This discovery is a delightful surprise for me, you have sparked a keen interest in me to explore this place further.

    Thanks once more, I’ll be coming back for more travel ideas!

  • Stacie

    Fort Jefferson at Dry Tortugas National Park sounds like it is rich in history, and definitely a must-see for any historian. 

    I like the fact that it is off the beaten track yet is an attraction at the same time. I believe the Yankee Freedom Ferry is the best deal for me, I like the sounds of that package, it sounds like affordable leisure, and that is right up my alley.

    I have been to Georgia several times and never ventured to Florida, clearly that was a mistake. I am going to blame my former travel partner lol and we will leave it at that.

    This will be on my list of ‘I’ll get there I swear!’ Are there any things that I should be cautious of along my journey? I plan to go in the mid to late spring time. 

    Thanks for this great eyeopening review.


    • NJKuhr

      Mid to late spring is perfect. June-September are the worst times to go because it can easily hit 100 degrees with 100% humidity and the island has very little protection from the sun, so it’s nearly unbearable to be there during the summer and late august through sept is hurricane season. The best time to go is Nov-May. Comfortable, great weather, but book your tickets in advance because that’s the busy season. Let me know if you’d like to book a hotel in Key West, I’m a certified travel agent and can get you some pretty suite perks.

  • Stratos K

    Dry Tortugas National Park offers a captivating blend of history and natural beauty. The option for overnight camping promises an unforgettable experience under the starlit sky. Your offer to assist in booking this adventure makes it even more enticing. Thank you for sharing this remarkable destination and providing valuable insights for travelers seeking an extraordinary escape.

    • NJKuhr

      Traveling has always been a passion of mine, and doing what I can to help others plan and book their own adventures is something I’m excited about. I get really energized working with fellow adventurers even if it’s not a trip for myself.

  • Michelle

    What an interesting-looking destination. When I first opened this webpage I couldn’t decide where this location might be, what country it could be in. It looks very tropical and exotic. So it’s in the USA. What a diverse country the United States is! This seems like a warm and beautiful destination with engaging history behind it as well. I’m curious where the name ‘Dry’ Tortuga comes from?

    Appreciate the inclusion of the additional costs and suggestions. This looks like a really exciting and different sort of an adventure trip with history, snorkelling and planes/boats in the mix.

    • NJKuhr

      Yes, dry Tortuga is in the Gulf of Mexico off of the Florida Keys. We do have every type of climate in the US. Winter high mountains, rainforests, deserts, we have it all. Tortuga means turtle in Spanish, at the time turtles were abundant and captured for food for passing ships, so the island, which is surrounded by a reef, was a great resource for replenishing the food supply after a long journey. However, there is no natural water source on the island, so it is essentially dry. Ships that were traveling through into the gulf knew that they would need extra water supplies but would have plenty of fish and seafood once they got to the island so they would carry more water and less food storage once they left the Caribbean. Hence, Dry Tortuga’s. It’s sounds exotic now, but at the time is was simply informative.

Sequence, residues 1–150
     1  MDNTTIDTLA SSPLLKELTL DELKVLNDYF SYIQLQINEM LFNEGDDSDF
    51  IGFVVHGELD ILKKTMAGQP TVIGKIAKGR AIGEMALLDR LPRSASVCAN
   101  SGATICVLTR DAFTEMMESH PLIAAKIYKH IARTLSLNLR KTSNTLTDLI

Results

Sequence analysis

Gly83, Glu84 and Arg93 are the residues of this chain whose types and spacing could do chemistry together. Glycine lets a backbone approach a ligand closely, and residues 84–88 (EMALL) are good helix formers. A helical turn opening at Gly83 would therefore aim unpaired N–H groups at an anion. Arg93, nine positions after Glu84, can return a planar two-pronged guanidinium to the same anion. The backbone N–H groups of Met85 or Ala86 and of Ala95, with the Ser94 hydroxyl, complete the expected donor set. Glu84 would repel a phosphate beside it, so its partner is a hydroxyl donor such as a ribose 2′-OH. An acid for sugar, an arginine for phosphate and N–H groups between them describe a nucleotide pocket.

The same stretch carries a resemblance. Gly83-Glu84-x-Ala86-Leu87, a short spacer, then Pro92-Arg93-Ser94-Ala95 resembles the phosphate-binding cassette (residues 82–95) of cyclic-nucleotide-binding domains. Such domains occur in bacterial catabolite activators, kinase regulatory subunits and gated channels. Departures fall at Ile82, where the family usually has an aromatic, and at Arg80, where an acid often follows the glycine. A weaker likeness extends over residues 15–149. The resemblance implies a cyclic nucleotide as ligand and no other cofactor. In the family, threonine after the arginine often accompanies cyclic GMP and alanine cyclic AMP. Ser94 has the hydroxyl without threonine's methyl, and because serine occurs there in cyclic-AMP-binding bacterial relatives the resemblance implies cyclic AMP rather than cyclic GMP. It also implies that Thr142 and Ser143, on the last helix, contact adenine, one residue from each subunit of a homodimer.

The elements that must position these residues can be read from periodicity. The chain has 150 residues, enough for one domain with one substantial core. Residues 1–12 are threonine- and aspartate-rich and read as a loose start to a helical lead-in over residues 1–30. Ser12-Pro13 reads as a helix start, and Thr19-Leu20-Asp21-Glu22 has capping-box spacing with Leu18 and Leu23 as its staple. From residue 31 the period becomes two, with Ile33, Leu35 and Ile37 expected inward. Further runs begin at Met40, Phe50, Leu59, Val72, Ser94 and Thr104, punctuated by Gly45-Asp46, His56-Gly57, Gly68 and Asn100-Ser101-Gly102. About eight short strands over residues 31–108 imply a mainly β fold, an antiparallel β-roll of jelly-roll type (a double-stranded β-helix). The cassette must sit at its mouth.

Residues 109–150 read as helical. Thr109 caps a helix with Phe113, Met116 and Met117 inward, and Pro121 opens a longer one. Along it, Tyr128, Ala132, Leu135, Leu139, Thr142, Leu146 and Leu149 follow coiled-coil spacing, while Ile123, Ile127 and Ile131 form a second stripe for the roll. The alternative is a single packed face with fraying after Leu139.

• Oluseyi

    The pictures and the descriptions made me imagine I was actually walking through the island. I even imagined I was listening to a guard talking about Snorkeling. However, what I think I would be most excited about would be a flight in the seaplane. It would be such a great thrill to experience the takeoff and landing on the sea. Twice in one day!  It feels like I already had my first visit. I would need to start to plan for a real (second) visit someday. Thanks for this article.

    It appears the Ferry tickets are in high demand considering that you had to get there so early to even stand a chance with no-show or cancellations. How long before my planned visit do you advice I book a ticket?

    • NJKuhr

      Last I checked they were sold out until April for this season. June-October is not a great time to go, the summer can reach 100 degrees with 100% humidity. It’s miserable and dangerous to be on the island without any relief from the sun during the peak of summer, Sept and October are hurricane season and the park gets closed regularly due to storms so I’d start planning right away, especially if you’re planning your trip for May at the latest. You have a bit of time for next season Nov-May but tickets sell out really quick. I would checkout the website for available dates and work around those. If you have any questions regarding hotels I can help out with that as well, I’m a certified travel agent. 

Leave a Reply

Your email address will not be published. Required fields are marked *